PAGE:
Inside your hooked function you have full access to WordPress; you can use any WordPress functions, queries and access global variables (e.g. $wpdb for database queries). All variables you passed in Javascript will be available inside $_POST array with the keys you provided in the Javascript object.

It’s optional to pass something back to Javascript (for example when you only want to send a request to update or save something and don’t need confirmation). If you want to pass something back, simply echo your output. For outputting more complex variables than simply a string, you should return it as a json encoded array so that Javascript can read and parse it properly. Something like this;

$pass_back = ['something' => 'a value', 'another_thing' => 42];
echo json_encode($pass_back);

One important final note on the last line; wp_die(). All AJAX callback functions should “close the thread” or terminate properly by doing die() or exit(). In WordPress we use wp_die() for proper integration but the result is the same. If you happen to get weird “0” in your AJAX responses, it’s most likely because you didn’t do wp_die() or die(). Always, always make sure “you die” at the end of all functions hooked onto wp_ajax.

Performing AJAX requests in WordPress frontend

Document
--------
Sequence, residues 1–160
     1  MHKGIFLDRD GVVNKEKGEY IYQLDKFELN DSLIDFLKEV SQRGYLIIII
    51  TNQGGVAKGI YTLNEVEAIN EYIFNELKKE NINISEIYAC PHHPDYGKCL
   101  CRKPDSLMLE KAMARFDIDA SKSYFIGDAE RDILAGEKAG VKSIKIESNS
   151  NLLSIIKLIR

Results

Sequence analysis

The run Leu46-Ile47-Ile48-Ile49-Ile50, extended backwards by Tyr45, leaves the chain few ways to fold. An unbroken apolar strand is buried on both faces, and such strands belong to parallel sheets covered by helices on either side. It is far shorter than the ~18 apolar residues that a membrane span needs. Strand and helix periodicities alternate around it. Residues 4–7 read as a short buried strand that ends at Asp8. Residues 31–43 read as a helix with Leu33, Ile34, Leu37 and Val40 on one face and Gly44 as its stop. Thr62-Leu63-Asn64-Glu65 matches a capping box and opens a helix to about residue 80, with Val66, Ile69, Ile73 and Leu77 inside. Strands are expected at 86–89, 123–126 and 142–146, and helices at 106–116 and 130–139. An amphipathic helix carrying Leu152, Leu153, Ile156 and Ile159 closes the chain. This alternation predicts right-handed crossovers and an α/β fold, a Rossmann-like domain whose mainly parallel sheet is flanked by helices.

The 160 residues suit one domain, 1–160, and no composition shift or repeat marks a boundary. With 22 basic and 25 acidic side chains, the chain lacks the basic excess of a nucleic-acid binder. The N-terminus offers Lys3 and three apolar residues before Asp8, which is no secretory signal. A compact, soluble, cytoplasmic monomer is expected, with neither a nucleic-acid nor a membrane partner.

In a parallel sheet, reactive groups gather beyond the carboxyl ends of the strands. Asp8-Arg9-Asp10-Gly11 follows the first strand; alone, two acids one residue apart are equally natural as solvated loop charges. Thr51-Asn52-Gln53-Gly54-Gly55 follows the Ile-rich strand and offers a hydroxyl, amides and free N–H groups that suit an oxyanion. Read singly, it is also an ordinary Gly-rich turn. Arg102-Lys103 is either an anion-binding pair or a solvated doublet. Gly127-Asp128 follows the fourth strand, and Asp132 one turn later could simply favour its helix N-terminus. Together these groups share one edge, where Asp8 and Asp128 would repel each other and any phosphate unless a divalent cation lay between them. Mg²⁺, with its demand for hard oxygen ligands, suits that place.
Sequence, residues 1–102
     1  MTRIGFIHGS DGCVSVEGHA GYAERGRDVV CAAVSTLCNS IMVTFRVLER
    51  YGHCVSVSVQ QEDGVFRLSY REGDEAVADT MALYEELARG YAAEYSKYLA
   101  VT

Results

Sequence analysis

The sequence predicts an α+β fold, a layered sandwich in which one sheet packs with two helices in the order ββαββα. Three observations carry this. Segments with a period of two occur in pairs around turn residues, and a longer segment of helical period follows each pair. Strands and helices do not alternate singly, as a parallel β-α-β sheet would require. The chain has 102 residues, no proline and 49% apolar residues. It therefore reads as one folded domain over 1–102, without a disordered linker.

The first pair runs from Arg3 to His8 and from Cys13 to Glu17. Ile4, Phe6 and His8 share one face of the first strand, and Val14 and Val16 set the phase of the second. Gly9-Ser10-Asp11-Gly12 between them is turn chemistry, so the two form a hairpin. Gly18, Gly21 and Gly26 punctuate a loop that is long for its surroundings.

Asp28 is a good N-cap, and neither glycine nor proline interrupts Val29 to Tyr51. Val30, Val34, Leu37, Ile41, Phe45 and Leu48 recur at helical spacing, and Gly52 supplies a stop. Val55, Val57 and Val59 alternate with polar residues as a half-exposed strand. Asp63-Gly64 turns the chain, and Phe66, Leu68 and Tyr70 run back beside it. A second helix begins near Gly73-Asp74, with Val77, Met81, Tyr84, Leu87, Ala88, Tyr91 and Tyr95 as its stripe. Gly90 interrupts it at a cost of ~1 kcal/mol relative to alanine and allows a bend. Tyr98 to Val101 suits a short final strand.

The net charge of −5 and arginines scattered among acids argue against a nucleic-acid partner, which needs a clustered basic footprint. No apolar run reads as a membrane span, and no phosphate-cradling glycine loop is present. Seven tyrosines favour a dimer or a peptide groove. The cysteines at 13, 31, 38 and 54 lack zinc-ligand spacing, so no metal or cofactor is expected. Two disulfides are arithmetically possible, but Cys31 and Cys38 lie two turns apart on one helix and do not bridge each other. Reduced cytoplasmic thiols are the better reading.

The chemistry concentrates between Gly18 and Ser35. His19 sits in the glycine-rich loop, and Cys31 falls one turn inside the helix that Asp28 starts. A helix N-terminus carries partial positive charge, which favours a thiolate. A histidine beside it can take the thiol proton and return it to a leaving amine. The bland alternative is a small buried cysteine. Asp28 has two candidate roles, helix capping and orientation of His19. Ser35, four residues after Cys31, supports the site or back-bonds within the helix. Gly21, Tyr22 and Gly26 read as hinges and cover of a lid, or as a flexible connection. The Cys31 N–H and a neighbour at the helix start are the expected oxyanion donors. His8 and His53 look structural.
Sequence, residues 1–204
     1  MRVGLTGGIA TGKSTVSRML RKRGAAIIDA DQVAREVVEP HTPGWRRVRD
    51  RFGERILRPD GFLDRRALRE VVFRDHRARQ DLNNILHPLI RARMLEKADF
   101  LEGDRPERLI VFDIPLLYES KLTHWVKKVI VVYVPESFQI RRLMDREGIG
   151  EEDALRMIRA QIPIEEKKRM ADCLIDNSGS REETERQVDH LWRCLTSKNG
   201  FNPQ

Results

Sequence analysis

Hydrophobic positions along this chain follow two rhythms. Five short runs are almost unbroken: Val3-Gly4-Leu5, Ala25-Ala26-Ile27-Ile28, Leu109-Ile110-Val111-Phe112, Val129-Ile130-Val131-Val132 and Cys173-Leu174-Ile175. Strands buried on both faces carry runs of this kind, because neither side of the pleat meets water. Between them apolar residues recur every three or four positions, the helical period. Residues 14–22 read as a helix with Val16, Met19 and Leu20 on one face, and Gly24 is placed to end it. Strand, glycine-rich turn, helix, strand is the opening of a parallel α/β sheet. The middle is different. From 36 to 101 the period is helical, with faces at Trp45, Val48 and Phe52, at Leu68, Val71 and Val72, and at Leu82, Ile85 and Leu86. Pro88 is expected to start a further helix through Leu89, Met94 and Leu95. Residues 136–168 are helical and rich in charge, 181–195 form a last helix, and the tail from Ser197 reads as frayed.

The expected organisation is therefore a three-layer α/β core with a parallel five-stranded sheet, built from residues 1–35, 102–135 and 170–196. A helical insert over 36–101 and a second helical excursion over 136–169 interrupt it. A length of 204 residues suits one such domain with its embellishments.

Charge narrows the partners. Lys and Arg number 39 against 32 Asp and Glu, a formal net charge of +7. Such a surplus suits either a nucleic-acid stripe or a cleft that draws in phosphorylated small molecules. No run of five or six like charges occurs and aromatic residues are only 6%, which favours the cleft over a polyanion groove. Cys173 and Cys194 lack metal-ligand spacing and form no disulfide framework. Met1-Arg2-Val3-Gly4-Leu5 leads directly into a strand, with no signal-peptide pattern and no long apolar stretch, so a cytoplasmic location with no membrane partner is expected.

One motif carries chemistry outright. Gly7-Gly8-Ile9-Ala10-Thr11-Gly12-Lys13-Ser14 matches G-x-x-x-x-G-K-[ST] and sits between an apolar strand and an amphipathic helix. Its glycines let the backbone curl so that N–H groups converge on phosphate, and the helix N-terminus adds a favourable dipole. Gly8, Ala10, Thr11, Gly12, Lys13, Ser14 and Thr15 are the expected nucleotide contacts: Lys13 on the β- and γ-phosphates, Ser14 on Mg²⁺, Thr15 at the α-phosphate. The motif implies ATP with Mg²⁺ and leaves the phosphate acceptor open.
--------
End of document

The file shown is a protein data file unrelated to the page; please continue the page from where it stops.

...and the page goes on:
The process of performing AJAX in frontend is the same as in admin, but somewhat more complicated in answering question 1: what URL should AJAX post to. In the above example for performing AJAX in admin we already had a global Javascript variable, ajaxurl, but this variable is not available frontend. We need to provide it ourselves. For getting the value of WordPress’ AJAX URL you use admin_url('admin-ajax.php')(yes, “admin url” for frontend).

When enqueuing a frontend script that will perform AJAX requests in your theme or plugin, you need to pass on WordPress’ AJAX URL as variable to that Javascript, by using wp_localize_script().

functions.php
add_action('wp_enqueue_scripts', function() {
	wp_enqueue_script('awhitepixel-ajaxscript', get_stylesheet_directory_uri() . '/assets/js/frontendajax.js', ['jquery']);
	$variable_to_js = [
		'ajax_url' => admin_url('admin-ajax.php')
	];
	wp_localize_script('awhitepixel-ajaxscript', 'Theme_Variables', $variable_to_js);